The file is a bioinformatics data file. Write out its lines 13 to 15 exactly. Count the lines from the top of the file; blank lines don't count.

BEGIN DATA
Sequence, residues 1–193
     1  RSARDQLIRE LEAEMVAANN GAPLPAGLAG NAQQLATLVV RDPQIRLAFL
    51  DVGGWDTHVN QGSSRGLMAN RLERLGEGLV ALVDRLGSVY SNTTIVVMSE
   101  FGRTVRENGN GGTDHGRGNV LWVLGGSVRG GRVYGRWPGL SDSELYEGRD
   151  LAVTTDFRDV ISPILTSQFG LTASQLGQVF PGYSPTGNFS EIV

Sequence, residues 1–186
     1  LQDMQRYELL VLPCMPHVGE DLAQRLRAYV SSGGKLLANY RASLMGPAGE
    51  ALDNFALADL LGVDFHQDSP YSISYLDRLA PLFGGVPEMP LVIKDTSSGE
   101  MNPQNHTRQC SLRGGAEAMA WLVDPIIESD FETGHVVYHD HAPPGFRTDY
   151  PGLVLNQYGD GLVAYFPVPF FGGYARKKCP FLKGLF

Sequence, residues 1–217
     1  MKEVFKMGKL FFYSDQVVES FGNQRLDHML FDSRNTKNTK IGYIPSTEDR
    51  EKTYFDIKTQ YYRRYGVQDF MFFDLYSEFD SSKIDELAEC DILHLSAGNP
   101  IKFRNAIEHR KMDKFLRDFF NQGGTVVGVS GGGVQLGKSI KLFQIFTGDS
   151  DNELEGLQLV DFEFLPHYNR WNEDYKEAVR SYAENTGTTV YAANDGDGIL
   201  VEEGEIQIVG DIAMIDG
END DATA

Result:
    51  EKTYFDIKTQ YYRRYGVQDF MFFDLYSEFD SSKIDELAEC DILHLSAGNP
   101  IKFRNAIEHR KMDKFLRDFF NQGGTVVGVS GGGVQLGKSI KLFQIFTGDS
   151  DNELEGLQLV DFEFLPHYNR WNEDYKEAVR SYAENTGTTV YAANDGDGIL